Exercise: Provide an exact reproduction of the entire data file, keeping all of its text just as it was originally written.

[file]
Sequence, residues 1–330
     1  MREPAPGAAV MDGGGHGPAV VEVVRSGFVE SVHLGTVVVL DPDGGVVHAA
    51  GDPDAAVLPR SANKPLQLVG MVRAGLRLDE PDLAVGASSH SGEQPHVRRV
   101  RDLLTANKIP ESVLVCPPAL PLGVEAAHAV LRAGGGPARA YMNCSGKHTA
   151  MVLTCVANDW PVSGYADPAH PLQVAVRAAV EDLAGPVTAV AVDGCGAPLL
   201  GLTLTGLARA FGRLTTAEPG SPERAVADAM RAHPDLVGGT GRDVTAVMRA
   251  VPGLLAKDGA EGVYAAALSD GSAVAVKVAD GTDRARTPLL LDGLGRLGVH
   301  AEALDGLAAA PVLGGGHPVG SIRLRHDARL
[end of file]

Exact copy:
Sequence, residues 1–330
     1  MREPAPGAAV MDGGGHGPAV VEVVRSGFVE SVHLGTVVVL DPDGGVVHAA
    51  GDPDAAVLPR SANKPLQLVG MVRAGLRLDE PDLAVGASSH SGEQPHVRRV
   101  RDLLTANKIP ESVLVCPPAL PLGVEAAHAV LRAGGGPARA YMNCSGKHTA
   151  MVLTCVANDW PVSGYADPAH PLQVAVRAAV EDLAGPVTAV AVDGCGAPLL
   201  GLTLTGLARA FGRLTTAEPG SPERAVADAM RAHPDLVGGT GRDVTAVMRA
   251  VPGLLAKDGA EGVYAAALSD GSAVAVKVAD GTDRARTPLL LDGLGRLGVH
   301  AEALDGLAAA PVLGGGHPVG SIRLRHDARL